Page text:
Pittsburgh will be a magnet for Republican presidential candidates next week as each of the top three announced GOP contenders stops by to raise money before the end of the Federal Election Commission's second quarter reporting period.
Former New York Mayor Rudy Giuliani will be in Peters Wednesday for a fund-raising lunch at a private home before heading Downtown for an evening reception at the Duquesne Club.
Mr. Giuliani's Washington County stop will be at the home of Mark Miller, who has also played host for Vice President Dick Cheney for a 2006 fund-raising event for former Sen. Rick Santorum.
On Thursday morning, GOP partisans will be asked to donate to the campaign of Sen. John McCain, R-Ariz., as the two-time presidential candidate attends a breakfast at the Marriott City Center Hotel, Uptown. Later Thursday, former Massachusetts Gov. Mitt Romney will appear Downtown for a reception at the Duquesne Club.
Mr. Romney was the fund-raising leader among the 10 announced GOP candidates for the White House in the first quarter of the year, collecting $23.4 million, followed by $16.6 million for Mr. Giuliani and $13 million for Mr. McCain.
Mr. Romney was also the Republicans' early spending leader, shelling out $11.5 million during the first three months of the year. That left his campaign with $11.8 million in cash on April 1, slightly behind the $11.9 million held by Mr. Giuliani. Mr. McCain had less than half that available, with a balance of just over $5 million. No other Republican topped the $1 million mark in available first quarter cash.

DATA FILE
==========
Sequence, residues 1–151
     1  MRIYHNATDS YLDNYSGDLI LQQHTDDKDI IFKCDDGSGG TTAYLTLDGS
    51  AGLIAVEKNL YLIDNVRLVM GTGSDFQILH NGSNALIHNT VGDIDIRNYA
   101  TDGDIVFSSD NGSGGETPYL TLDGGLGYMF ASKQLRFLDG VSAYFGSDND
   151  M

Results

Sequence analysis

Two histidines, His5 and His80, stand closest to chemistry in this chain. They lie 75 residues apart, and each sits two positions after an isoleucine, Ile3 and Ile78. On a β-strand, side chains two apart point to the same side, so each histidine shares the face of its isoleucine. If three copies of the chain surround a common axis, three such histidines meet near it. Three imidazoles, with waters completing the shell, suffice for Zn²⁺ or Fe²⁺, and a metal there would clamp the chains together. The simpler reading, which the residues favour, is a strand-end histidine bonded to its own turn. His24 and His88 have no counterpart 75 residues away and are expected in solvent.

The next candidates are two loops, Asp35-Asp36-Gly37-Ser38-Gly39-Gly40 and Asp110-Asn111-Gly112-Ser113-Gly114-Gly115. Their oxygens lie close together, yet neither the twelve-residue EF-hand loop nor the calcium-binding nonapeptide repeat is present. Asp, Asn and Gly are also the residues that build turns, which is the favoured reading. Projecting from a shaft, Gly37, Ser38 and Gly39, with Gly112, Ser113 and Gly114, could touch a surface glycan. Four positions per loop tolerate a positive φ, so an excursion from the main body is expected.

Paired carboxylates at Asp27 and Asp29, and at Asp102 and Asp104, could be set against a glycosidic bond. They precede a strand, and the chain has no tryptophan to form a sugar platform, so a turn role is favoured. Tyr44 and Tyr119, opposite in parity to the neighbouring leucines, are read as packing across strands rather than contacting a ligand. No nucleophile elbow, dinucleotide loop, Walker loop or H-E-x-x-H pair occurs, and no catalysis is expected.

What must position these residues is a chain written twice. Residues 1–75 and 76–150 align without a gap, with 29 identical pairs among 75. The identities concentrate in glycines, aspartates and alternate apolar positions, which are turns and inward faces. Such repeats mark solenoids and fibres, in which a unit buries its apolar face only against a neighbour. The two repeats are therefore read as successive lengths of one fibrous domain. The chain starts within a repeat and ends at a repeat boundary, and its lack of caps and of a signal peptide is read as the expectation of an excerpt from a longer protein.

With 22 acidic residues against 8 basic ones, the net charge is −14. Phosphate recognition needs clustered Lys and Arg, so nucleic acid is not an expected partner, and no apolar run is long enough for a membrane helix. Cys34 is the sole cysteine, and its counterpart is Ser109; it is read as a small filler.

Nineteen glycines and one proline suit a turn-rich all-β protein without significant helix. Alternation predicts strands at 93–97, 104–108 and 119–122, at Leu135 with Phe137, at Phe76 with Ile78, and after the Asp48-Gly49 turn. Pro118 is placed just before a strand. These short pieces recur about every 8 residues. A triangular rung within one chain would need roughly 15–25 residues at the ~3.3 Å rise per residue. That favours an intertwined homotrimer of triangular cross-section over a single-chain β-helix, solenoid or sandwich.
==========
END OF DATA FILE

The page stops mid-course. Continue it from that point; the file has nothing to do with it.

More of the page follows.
During that period, Mr. Giuliani raised roughly $267,000 from Pennsylvania donors, followed by Mr. McCain's $218,000; and Mr. Romney's $106,000.
None of the Republicans raised significant money in the Pittsburgh region in the first reporting period. According to a breakdown by the Center for Responsive Politics, Mr. Romney was first among the Republicans in cash from Pittsburgh region zip codes, with $30,150, followed by $19,550 for Mr. Giuliani and $5,138 for Mr. McCain.
The Pittsburgh visitors are the big three in money and polling strength so far, but their campaigning take place in the shadow of the anticipated candidacy of former Sen. Fred Thompson, of Tennessee. The politician-turned-actor already has become a robust presence in early polls in anticipation of his expected entry into the race in early July.
Politics Editor James O'Toole can be reached at firstname.lastname@example.org or 412-263-1562.